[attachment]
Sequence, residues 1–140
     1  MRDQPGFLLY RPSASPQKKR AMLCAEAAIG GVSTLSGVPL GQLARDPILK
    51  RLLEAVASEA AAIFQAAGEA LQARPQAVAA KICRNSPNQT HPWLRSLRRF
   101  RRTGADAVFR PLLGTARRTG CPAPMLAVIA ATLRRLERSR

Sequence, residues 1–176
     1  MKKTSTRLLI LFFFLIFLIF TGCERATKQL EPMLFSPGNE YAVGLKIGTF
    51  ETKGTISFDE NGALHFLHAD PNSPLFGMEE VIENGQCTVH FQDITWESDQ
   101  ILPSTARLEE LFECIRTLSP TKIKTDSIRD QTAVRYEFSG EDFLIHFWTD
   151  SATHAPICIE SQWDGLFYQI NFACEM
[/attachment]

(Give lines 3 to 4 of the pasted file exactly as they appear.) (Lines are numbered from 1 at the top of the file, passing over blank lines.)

    51  RLLEAVASEA AAIFQAAGEA LQARPQAVAA KICRNSPNQT HPWLRSLRRF
   101  RRTGADAVFR PLLGTARRTG CPAPMLAVIA ATLRRLERSR